On the heat waves over India and their future projections under different SSP scenarios from CMIP6 models: Climate Change, Heat Wave, Health

Marc Norgate, P. R. Tiwari, S. Das, D. Kumar

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Abstract

Thirteen Coupled Model Intercomparison Project phase 6 (CMIP6) models were employed to simulate mean, maximum, and minimum temperature across 7 homogenous temperature regions of India for both annual and summer season (June, July, and August (JJA)). The model fidelity was assessed by comparing them with observed Climate Research Unit temperature dataset. The JJA multi‐model ensemble for the present (1981–2014) suggests large warm biases in the temperature. Although the models could simulate the spatial variability of the mean and maximum temperature over most of the homogeneous regions, they do not compare well for representing the temporal variability. We also found, that although different individual models have strengths and weaknesses in representing spatial and temporal temperature characteristics over India, a few of the models perform better than the others. For example, CNRM‐CM6 could better represent the spatial temperature patterns however they struggle in capturing the temporal variability. HadGEM3‐GC31‐LL, KACE‐1‐0G, and UKESM1‐0‐LL are comparably the best‐performing models for temporal temperature features over India. The annual maximum temperature during far future period is projected to increase by 1.5°C, 2.3°C, and 4.1°C for Socioeconomic Pathways (SSPs) SSP1‐2.6, SSP2‐4.5, and SSP5‐8.5 respectively. At regional scales, JJA mean temperature for SSP5‐8.5 revealed significant increases in Interior Peninsula (3.8°C), Western Himalaya (5.6°C), Northwest (3.9°C), West Coast (3.6°C), East Coast (3.6°C), Northeast (3.6°C), and North Central (3.8°C), highlighting the Western Himalaya's heightened sensitivity. Further, heat wave frequency is projected to rise, with the northern territories (NW, NC, NE, and part of IP) most affected, anticipating week‐long heat waves affecting around 50% of India's population under stronger SSPs. Such unprecedented impacts seem to be less profound in case of abatement scenarios such as the SSP1‐2.6. Our findings support the urgent need for more ambitious mitigation and adaptation strategies to alleviate the public health impacts of climate change.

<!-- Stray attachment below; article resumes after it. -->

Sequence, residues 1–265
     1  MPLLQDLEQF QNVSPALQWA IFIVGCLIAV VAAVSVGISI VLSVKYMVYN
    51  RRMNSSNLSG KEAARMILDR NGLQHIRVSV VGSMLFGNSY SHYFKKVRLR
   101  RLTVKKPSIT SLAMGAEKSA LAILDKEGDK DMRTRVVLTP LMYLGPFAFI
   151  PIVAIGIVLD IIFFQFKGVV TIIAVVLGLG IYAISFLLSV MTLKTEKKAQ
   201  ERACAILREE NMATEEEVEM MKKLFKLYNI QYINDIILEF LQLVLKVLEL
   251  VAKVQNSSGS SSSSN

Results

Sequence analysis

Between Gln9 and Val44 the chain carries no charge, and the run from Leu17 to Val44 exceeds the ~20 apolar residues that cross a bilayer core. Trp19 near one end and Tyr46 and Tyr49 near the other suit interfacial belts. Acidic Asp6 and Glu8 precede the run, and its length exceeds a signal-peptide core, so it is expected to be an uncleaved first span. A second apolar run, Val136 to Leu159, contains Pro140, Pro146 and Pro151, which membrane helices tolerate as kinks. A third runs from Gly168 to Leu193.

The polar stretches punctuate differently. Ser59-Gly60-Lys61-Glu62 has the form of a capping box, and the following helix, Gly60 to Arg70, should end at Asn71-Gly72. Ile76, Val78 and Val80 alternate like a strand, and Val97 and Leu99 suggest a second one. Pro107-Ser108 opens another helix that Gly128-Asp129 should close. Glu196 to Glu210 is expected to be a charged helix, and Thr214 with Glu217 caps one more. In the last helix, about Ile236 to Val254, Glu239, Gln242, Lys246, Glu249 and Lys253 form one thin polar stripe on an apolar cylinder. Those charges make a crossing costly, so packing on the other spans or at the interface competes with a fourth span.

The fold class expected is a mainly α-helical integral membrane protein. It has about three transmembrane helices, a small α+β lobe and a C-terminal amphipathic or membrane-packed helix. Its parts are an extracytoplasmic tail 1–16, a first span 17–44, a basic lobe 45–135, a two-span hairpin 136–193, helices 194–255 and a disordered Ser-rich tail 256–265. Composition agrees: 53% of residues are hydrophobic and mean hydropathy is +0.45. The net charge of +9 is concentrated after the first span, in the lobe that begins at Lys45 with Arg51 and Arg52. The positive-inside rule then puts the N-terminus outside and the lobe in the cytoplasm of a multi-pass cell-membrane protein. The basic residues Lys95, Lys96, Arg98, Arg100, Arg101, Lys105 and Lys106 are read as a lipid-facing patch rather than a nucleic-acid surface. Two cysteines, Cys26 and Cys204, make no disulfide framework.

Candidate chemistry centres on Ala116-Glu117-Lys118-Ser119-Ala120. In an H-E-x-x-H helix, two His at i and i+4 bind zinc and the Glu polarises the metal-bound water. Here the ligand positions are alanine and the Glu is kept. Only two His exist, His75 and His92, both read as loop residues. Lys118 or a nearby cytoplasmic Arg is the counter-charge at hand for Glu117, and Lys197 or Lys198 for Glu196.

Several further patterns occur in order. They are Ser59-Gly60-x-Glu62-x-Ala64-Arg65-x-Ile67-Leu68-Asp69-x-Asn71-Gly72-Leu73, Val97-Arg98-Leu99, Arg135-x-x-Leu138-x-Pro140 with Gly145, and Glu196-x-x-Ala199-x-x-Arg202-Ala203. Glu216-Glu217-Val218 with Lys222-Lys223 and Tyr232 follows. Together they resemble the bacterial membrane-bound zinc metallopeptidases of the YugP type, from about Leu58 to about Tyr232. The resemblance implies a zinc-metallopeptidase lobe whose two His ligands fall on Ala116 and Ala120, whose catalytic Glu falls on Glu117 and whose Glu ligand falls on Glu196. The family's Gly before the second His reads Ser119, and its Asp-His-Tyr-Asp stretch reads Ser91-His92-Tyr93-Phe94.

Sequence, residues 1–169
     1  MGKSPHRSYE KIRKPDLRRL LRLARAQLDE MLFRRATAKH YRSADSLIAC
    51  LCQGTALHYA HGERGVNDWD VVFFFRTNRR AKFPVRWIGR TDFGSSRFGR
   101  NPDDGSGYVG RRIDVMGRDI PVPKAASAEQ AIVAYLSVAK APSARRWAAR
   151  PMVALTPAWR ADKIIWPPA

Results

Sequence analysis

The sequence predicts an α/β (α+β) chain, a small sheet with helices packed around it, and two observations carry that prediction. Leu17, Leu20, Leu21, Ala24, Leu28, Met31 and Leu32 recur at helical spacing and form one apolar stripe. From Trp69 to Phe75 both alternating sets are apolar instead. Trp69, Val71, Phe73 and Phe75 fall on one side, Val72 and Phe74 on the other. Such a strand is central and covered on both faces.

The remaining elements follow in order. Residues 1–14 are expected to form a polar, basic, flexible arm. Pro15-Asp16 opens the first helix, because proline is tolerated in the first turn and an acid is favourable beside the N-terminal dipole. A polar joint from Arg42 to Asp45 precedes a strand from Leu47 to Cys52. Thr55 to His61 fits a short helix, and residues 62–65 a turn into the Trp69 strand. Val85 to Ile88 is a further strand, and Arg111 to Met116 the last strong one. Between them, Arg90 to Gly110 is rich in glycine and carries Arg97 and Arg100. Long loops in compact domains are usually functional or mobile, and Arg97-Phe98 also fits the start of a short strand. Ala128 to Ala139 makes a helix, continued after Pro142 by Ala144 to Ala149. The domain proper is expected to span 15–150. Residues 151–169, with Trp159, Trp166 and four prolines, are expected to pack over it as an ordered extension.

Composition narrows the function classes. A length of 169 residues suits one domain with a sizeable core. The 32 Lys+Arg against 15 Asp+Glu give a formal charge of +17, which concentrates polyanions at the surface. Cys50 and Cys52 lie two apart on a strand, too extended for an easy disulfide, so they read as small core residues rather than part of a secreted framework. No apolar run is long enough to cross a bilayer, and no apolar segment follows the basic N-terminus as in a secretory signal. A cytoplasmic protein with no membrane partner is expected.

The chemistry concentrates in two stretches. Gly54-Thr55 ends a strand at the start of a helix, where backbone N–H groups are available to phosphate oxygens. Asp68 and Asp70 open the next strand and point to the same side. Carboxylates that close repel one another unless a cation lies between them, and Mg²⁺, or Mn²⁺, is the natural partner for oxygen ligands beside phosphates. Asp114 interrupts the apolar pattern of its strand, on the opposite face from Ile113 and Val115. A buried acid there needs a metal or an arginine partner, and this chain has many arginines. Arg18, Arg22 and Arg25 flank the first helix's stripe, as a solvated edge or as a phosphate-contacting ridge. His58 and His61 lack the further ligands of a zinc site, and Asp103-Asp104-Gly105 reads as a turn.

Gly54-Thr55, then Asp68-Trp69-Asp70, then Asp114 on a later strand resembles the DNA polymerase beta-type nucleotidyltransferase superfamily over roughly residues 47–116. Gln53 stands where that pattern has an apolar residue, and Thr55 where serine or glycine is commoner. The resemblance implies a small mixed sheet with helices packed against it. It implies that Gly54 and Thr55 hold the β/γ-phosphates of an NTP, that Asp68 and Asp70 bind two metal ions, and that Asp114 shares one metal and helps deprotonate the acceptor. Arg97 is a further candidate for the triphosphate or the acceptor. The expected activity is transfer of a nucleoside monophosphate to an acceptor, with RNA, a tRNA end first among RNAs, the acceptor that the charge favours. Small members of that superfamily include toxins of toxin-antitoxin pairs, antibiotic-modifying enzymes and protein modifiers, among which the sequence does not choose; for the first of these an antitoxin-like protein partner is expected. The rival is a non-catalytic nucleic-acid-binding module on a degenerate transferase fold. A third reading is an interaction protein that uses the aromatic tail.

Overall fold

Original languageEnglish
Article numberjoc.8367
Pages (from-to)973-995
Number of pages23
JournalInternational Journal of Climatology
Volume44
Issue number3
Early online date30 Jan 2024
DOIs
Publication statusPublished - 15 Mar 2024

Keywords

  • Climate change, Extremes, Heat Waves, India, CMIP6, SSP
  • SSP
  • CMIP6
  • heat waves
  • extremes
  • India
  • climate change

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